MAFS.3.OA.1.1: Interpret products of whole numbers, e.g. interpret 5 × 7 as the total number of objects in 5 groups of 7 objects each. For example, describe a context in which a total number of objects can be expresses as 5 × 7.
MAFS.3.OA.1.2: Interpret whole-number quotients of whole numbers, e.g., interpret 56 ÷ 8 as the number of objects in each share when 56 objects are partitioned equally into 8 shares, or as a number of shares when 56 objects are partitioned into equal shares of 8 objects each. For example, describe a context in which a number of shares or a number of groups can be expressed as 56 ÷ 8.
MAFS.3.OA.1.3: Use multiplication and division within 100 to solve word problems in situations involving equal groups, arrays, and measurement quantities, e.g., by using drawings and equations with a symbol for the unknown number to represent the problem.
MAFS.3.OA.3.7: Fluently multiply and divide within 100, using strategies such as the relationship between multiplication and division (e.g., knowing that 8 • 5 = 40, one knows 40 ÷ 5 = 8) or properties of operations. By the end of Grade 3, know from memory all products of two one-digit numbers.
One of the most significant math goals for 3rd graders is developing a deep understanding of multiplication and division. These operations are active, and understanding them is about recognizing the actions, or the situations, associated with each operation. Rather than concentrate on finding solutions for problems, it is more important in this Unit that students focus with hands-on investigations through modeling of word problems, to notice situations that are associated with multiplication and division and recognize the actions of these operations.
Visualizing problem situations helps students to better understand multiplication, for example group models, arrays, measurement situations and number lines. Through opportunities to build or draw models for situations, students develop an understanding of the operation. Using similar models to represent division problems helps students visualize division as the inverse of multiplication. This will be explored more in the Connecting Division to Multiplication Unit. Along with understanding situations of these operations, students must also understand the expressions/equations. Having students tell what each number represents, or writing their own story problems, provides practice in interpreting the numbers and symbols in the expressions/equations.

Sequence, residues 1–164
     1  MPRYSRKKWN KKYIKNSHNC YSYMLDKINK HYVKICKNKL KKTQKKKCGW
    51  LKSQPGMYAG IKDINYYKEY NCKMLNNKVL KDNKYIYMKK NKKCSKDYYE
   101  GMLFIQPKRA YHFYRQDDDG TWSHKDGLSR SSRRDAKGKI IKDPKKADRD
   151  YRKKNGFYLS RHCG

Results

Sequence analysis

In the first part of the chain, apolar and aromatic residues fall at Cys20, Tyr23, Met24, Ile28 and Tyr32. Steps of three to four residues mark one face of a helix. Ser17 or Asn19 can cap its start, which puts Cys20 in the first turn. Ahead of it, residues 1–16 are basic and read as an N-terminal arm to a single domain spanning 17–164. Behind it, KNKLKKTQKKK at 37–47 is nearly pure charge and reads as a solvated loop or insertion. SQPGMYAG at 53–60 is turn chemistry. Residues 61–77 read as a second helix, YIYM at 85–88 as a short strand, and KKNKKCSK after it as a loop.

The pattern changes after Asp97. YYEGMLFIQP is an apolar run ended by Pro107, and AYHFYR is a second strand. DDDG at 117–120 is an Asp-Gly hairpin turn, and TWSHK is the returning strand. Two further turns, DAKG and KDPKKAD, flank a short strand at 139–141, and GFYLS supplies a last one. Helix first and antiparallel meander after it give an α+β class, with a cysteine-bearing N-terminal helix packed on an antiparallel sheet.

- Step 1: Use concrete and pictorial models to represent equal group situations (identify the number of groups and items in each group to find the total)
- Step 2: Make connections of the relationship between repeated addition, counting groups, and multiplication equations
- Step 3: Model and solve equal group multiplication problems
- Step 1: Model and represent multiplication situations with arrays, equations, and expressions (identify the number of rows and items in each row to find the total)
- Step 2: Model and represent multiplication situations with number lines, bar models, and equations/expressions (identify the number of groups and items in each group to find the total)
- Step 3: Model and solve array and measurement multiplication problems
- Step 1: Use concrete and pictorial models to represent equal sharing (partitive) division situations
- Step 2: Identify the unknown (as the number of groups or the number in each group) and connect models to division expressions/ equations
- Step 3: Model and solve sharing (partitive) and grouping (measurement) division problems
- Step 1: Model and represent division situations with arrays, equations, and expressions (identify which part of the array represent the unknown – rows or number in each row)
- Step 2: Model and represent grouping (measurement) division situations with linear models (number lines or bar models)
- Step 3: Model and solve array and grouping (measurement) division problems